HOURS

Closed on Sunday
Monday – Friday: 9 am – 5 pm
Saturday: 10 am – 4 pm

 

ADDRESS

202 Old Hope Road

P.O. Box 260

Kingston 6, Jamaica
tel 876-927-1608

fax 876-927-1802
artcentregallery.ja@gmail.com

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© 2016 The Art Centre Ltd.

The Olympia Gallery is centrally located in Kingston, housed in the old Olympia residential complex built in the mid-70s by visionary A.D. Scott, whose dream was to create a centre for the arts.

Forty years later the Scott legacy lives on under the direction of Rosie Thwaites whose family business incorporates not only a gallery, but also an art supply centre and frame shop. 

“The Art Centre was purchased by my mother Pearl Chang in the mid-70s, and as we became more involved and developed a deeper appreciation of art, we introduced a framing service, and out of that evolved a gallery and the selling of original Jamaican art.” Says Rosie.

The Gallery includes the largest private exhibition space on the island, comprising a spacious octagonal shaped exhibitions area on two floors, canopied by a huge plexi-glass domed roof. The walls are expansive, ideal for displaying large works of art.

 

Every year Olympia Gallery is host to several exhibitions, culmination in the much-anticipated End of Year Show featuring works of over twenty artists. “It’s an opportunity to introduce emerging talent, and new works by established artists.

As one of the leading galleries in Jamaica, Olympia provides support to artists, enhancing their work through gallery representation and exhibition. “We represent artists at every stage of their career and follow their development and success. With new works coming in all the time, we offer a large inventory and a fresh perspective for the discerning collector.”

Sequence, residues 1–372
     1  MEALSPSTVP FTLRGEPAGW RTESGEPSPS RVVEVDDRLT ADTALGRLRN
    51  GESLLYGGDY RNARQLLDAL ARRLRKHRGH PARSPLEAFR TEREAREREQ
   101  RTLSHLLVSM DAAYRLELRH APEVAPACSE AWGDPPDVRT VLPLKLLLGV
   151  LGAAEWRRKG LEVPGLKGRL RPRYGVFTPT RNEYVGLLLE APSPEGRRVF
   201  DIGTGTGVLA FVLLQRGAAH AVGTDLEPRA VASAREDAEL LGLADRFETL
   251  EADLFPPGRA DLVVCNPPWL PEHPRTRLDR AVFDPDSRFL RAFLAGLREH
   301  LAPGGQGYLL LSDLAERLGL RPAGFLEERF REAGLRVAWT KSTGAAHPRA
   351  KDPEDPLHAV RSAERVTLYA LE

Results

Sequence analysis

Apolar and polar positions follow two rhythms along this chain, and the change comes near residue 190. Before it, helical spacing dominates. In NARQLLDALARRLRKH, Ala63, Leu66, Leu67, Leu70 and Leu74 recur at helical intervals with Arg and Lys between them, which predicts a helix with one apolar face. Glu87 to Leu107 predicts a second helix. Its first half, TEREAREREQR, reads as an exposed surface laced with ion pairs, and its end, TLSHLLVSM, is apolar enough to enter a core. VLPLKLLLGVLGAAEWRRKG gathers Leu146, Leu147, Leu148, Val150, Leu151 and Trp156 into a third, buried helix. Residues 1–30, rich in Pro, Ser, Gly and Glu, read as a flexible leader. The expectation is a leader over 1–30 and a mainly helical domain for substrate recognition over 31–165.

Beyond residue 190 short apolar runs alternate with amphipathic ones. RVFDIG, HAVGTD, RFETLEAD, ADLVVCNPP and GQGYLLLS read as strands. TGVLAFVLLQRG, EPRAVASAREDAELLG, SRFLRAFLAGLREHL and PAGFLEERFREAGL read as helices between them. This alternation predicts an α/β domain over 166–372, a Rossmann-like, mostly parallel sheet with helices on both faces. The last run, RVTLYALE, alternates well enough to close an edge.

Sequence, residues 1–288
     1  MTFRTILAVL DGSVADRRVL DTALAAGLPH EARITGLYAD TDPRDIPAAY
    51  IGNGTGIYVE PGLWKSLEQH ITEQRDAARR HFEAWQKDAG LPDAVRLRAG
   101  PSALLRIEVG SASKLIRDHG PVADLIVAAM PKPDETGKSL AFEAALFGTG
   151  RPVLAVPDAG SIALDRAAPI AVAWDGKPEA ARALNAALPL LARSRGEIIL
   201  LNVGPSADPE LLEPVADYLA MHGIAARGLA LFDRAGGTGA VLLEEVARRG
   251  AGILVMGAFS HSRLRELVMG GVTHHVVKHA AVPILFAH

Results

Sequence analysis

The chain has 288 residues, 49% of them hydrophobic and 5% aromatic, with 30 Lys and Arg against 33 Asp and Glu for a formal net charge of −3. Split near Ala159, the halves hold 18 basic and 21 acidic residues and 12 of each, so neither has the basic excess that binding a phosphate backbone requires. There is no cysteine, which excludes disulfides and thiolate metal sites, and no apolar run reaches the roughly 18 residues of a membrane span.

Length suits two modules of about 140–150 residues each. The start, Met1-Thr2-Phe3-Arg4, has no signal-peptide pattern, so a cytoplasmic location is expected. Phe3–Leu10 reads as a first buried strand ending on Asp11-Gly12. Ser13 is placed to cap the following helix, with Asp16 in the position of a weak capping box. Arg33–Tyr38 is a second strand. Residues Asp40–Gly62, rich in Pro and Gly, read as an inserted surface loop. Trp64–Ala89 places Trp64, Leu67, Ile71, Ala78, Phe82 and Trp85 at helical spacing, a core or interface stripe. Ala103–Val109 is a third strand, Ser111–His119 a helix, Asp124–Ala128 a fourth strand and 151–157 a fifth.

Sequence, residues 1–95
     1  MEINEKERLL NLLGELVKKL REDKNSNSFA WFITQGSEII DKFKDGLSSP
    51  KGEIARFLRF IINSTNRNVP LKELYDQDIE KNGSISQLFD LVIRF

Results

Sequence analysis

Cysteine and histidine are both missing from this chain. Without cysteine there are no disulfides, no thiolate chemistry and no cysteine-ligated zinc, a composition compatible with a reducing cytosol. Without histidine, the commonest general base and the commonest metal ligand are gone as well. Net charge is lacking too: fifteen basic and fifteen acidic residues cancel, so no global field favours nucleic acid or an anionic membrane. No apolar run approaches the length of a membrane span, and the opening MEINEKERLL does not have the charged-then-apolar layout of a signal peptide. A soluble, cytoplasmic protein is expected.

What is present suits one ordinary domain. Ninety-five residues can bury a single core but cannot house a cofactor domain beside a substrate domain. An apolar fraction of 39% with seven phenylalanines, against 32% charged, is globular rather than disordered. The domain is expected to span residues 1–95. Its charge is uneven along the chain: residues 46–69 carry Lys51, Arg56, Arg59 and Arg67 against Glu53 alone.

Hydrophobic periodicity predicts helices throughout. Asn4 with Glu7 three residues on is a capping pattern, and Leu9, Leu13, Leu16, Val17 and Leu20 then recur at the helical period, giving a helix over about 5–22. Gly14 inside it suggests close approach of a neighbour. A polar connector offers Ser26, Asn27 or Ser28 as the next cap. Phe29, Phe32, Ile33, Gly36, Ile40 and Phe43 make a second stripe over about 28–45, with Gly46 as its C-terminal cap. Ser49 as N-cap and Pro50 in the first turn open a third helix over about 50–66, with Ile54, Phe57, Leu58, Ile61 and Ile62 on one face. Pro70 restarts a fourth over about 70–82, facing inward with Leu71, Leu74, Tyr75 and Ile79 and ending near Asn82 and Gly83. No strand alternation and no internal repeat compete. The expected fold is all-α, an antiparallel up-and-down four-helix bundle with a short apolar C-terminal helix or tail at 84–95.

We are dedicated to promoting Jamaican art, primarily original paintings and prints. Occasionally we do represent Caribbean artists. Our collection also includes ceramics and sculptures.

about the gallery

A.D Scott by Barrington Watson                                                     Source

Ainsworth David Scott

Art Patron & Collector

A.D. Scott, or ‘Scotty” as he was affectionately referred to by those familiar with him, was born in Kingston, Jamaica on January 27, 1912. A.D. Scott was among the first to attend the Kingston College which was established in 1925.

 

Later, he studied at the McGill University in Montreal, Canada, gaining a Bachelors Degree in Civil Engineering. Whilst in Canada, he further developed his skills as a highly competent engineer, securing key positions including Senior Assistant Engineer in the Royal Canadian Air Force and engineer-in-charge of Aerodrome Construction for the Canadian Government. Upon his return to Jamaica in 1945, he was appointed engineer-in-charge of construction for the University College of the West Indies. His later contributions to national infrastructural development would include the construction of the U.W.I Chapel, the National Stadium and the Hope Reservoir, earning him the title of Jamaican Master Builder.

 

Throughout his professional life, A.D. Scott passionately championed the development of Jamaican visual arts culture.  He firmly believed that the arts could and should be integrated within the business community and that the visual arts could provide a path to cultural development. As a prolific and fanatic patron of the arts, A.D. Scott boasted the largest comprehensive collection of artworks from various traditional and contemporary Jamaican artists by the mid-seventies. Additionally, he became the Chairman of the Contemporary Jamaican Artists Association when the group was active during the early sixties to mid-seventies and established the Olympia International Art Centre (now known as The Art Centre/Olympia Gallery) in 1974 where an active programme of art exhibitions as well as other cultural events was maintained.

 

A.D. Scott was the recipient of several national honours, including a Silver Musgrave medal (1978) and a Centenary Medal (1980) from the Institute of Jamaica, as well the Order of Distinction (c1975). A.D. Scott passed away on June 16, 2004.